SURFER BLOOD – Astro Coast (2010)

Quick, how much do you know about Surfer Blood? The answer is probably “not much”, unless you were one of those people (like me) who stumbled upon (and then obsessed over) the single Swim last year. If you’ve heard Swim, then you might have some idea as to what to expect with Astro Coast, the band’s debut album, and the first debut of 2010 from a band who racked up a small tidal wave of e-buzz the year before. Now, Swim drew a lot of comparisons to different bands when it the internet in 2009. Weezer? Yeah, kinda. The Beach Boys? A little bit. Crocodiles? Wavves? Hey, it’s not that crazy. I could go on, but Swim is a song that eludes being pinned down in this manner; it’s entirely its own thing, and (more importantly), it’s the sound of a band swinging for the fences. Given that, it was almost inevitable that Astro Coast would lack the punch of the single that stirred up interest in it.

Astro Coast is mainly comprised of murky, lo-fi oddities; it’s got more in common with Deerhunter than anything else. And while this approach works for the band, I can safely say that Swim remains the album’s best song; it’s a thoroughly elating song, and it hits you on a level that the rest of this material simply doesn’t. And while the barer, poppier songs here (like the Brian Wison-esque opener Floating Vibes) are good enough, I suppose, they simply feel restrained if you pop in Smile or even That Lucky Old Sun. The hazier songs work better, and none moreso than the duo of Fast Jabroni and Slow Jabroni; next to Swim, they are the best thing the album has to offer. They’ve got the same drive as Floating Vibes, but they feel warm and insulated, as if they’re actually passing through a Florida sunset en route to your speakers.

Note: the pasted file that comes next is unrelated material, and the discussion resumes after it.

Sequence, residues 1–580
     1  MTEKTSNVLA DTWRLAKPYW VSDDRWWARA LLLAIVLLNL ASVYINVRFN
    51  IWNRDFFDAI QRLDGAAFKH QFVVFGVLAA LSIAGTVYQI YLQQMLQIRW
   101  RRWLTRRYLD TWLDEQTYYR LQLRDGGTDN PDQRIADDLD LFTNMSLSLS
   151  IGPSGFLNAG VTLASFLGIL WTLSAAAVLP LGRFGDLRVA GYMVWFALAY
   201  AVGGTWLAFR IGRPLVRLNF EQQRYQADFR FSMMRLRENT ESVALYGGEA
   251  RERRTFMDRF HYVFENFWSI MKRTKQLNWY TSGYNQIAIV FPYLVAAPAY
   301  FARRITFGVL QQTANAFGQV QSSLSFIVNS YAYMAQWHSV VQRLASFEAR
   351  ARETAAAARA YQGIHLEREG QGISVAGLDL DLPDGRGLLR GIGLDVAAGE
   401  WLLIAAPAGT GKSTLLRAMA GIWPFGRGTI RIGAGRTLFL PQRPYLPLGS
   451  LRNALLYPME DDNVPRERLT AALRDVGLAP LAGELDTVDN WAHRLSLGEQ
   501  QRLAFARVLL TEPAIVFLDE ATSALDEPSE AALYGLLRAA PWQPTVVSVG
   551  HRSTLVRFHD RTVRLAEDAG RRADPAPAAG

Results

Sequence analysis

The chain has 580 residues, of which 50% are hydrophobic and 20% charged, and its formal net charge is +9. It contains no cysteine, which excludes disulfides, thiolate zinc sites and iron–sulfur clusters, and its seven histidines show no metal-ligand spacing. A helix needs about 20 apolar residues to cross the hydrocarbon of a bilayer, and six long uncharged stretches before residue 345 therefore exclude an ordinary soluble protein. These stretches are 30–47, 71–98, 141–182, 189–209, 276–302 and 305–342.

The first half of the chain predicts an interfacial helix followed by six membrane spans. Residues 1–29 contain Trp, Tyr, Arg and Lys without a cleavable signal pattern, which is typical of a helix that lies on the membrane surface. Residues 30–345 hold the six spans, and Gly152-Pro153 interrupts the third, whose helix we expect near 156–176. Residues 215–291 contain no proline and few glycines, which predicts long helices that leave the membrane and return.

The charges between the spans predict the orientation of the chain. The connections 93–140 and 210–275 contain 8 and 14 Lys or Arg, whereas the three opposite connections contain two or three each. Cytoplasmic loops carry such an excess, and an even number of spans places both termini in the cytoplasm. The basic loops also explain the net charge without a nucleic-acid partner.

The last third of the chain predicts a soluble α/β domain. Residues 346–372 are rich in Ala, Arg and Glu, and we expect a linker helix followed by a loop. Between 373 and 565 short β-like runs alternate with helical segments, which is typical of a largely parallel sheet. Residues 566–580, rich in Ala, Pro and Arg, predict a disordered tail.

Elsewhere on the album, the band try their hand at toying with Vampire Weekend melodies mixed with blurry synths (Twin Peaks), fuzzy No Age garage rock (Anchorage, a wonderful song that has the focus No Age lack), and yes, even the popular mid-album instrumental interlude (Neighbor Riffs). Overall, Astro Coast gives you the impression that the band were throwing many things against a wall just to see what stuck. A lot of things do stick, but in many ways Astro Coast feels less like an album with a purpose and more like a band trying to pinpoint which direction they want to take with their sound. Though that might sound as though the album is a failure, it really isn’t – Surfer Blood have me on board (albeit not with an overabundance of enthusiasm) for whatever it is they do next.


One Response to “SURFER BLOOD – Astro Coast (2010)”

  1. […] what is it with lead singles recently? And while we’re at it, what is it with songs named Swim in […]

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